Food & Drink

The Raw and the Cooked: A Visit to La Cevicheria

La Cevicheria restaurant specializes primarily in Mexican-style ceviche, that includes various types of seafood such as shrimp, fish, or even octopus, combined with lime juice, tomatoes, onions, and cilantro.


Since I love it so much, I am hoping that someday ceviche will get the attention in this country that it deserves and become as popular as other imported foods like ramen, street tacos, and sushi have done. I love the light, bright flavors and textures of great ceviche. 

If you’re not too familiar with ceviche, here’s a brief primer. There are two main types of ceviche: Peruvian and Mexican, which have both similarities and differences. In Peru, ceviche is typically made by marinating fresh raw fish (often sea bass or flounder) in freshly squeezed lime or bitter orange juice, along with sliced onions, chili peppers (aji), salt, and pepper. The acidity of the citrus juice “cooks” the fish by denaturing the proteins, giving it a firm texture. Mexican ceviche, on the other hand, often involves a shorter marinating time and is sometimes cooked briefly before marination. It may include various types of seafood such as shrimp, fish, or even octopus, combined with lime juice, tomatoes, onions, cilantro, and occasionally avocado. The seafood may be partially cooked beforehand (especially shrimp) to provide a different texture compared to Peruvian ceviche. Peruvian ceviche is often served with boiled sweet potato, corn, and slices of lettuce or other greens. The marinade tends to be more citrus-forward and less tomato-based. Mexican ceviche may include additional ingredients like tomato juice or tomato sauce, ketchup, or even orange juice in the marinade. Avocado is a common addition, and it may be served with tostadas or tortilla chips.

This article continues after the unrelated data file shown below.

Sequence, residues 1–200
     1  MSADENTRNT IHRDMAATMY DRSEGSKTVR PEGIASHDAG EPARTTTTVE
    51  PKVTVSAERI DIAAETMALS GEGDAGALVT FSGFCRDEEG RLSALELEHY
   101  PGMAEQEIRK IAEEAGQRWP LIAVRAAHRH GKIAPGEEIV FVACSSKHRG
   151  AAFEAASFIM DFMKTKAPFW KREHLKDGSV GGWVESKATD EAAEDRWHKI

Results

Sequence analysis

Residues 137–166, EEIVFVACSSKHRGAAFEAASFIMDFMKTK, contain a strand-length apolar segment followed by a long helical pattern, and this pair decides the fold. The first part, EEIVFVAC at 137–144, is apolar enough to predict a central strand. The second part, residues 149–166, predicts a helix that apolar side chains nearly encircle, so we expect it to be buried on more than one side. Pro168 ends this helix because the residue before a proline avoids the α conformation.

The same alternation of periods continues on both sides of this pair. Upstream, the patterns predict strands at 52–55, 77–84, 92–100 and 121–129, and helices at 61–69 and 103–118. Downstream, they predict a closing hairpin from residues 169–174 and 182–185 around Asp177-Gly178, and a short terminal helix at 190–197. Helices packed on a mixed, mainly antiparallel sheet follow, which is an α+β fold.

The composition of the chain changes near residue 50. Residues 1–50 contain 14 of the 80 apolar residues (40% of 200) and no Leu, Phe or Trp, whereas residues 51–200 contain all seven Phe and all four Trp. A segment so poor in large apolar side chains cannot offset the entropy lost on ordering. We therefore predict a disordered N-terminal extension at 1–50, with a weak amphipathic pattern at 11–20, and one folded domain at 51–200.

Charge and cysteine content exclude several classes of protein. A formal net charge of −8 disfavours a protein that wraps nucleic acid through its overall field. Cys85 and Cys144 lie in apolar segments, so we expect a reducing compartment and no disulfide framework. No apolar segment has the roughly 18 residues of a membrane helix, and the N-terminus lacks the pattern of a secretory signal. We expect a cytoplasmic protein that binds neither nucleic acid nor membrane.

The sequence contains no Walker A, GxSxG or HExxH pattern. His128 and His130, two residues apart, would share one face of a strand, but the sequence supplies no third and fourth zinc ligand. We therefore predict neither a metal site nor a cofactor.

So now that we’re all on the same page regarding Peruvian versus Mexican ceviche, we’ll turn our attention to La Cevicheria restaurant, which specializes primarily in Mexican-style ceviche. It’s located in a somewhat beleaguered stand-alone building on 200 South that was previously home to Cafe Shambala, Cancun Cafe, and Bevalo. Hopefully, La Cevicheria will fare better. 

Chips & Salsa

A meal at La Cevicheria begins with a complimentary serving of chips and salsa. While the salsa rojo was a tad on the thin side, the thick, crunchy, homemade tortilla chips were excellent. 

Shrimp Empanada

Appetizers at La Cevicheria include fairly high-priced Guacamole & Chips ($9.99), and Oysters on the Half Shell – also pricey at $20 for six or $40 for a dozen. There are also Oyster Shots ($7) and deep-fried calamari with house sauce called Chicharron de Calamar ($14.99). We decided to kick off our dinner sharing a homemade Shrimp Empanada ($5) with salsa verde, which was delicious. They also offer a Marlin Empanada ($6) and a Shrimp Enchilada with Cheese ($7). 

In the rear of La Cevicheria is a small, adult-only bar area with four bar seats and a table where the bartender – who was also the only server when we visited – serves mixed drinks and beer, as well as horchatas, soft drinks, and refreshing beverages like Agua de Piña. 

While I sipped a frosty cerveza Modelo ($5), my wife enjoyed cold hibiscus tea called Agua de Jamaica ($6), which she really liked. 

Taco de Pulpo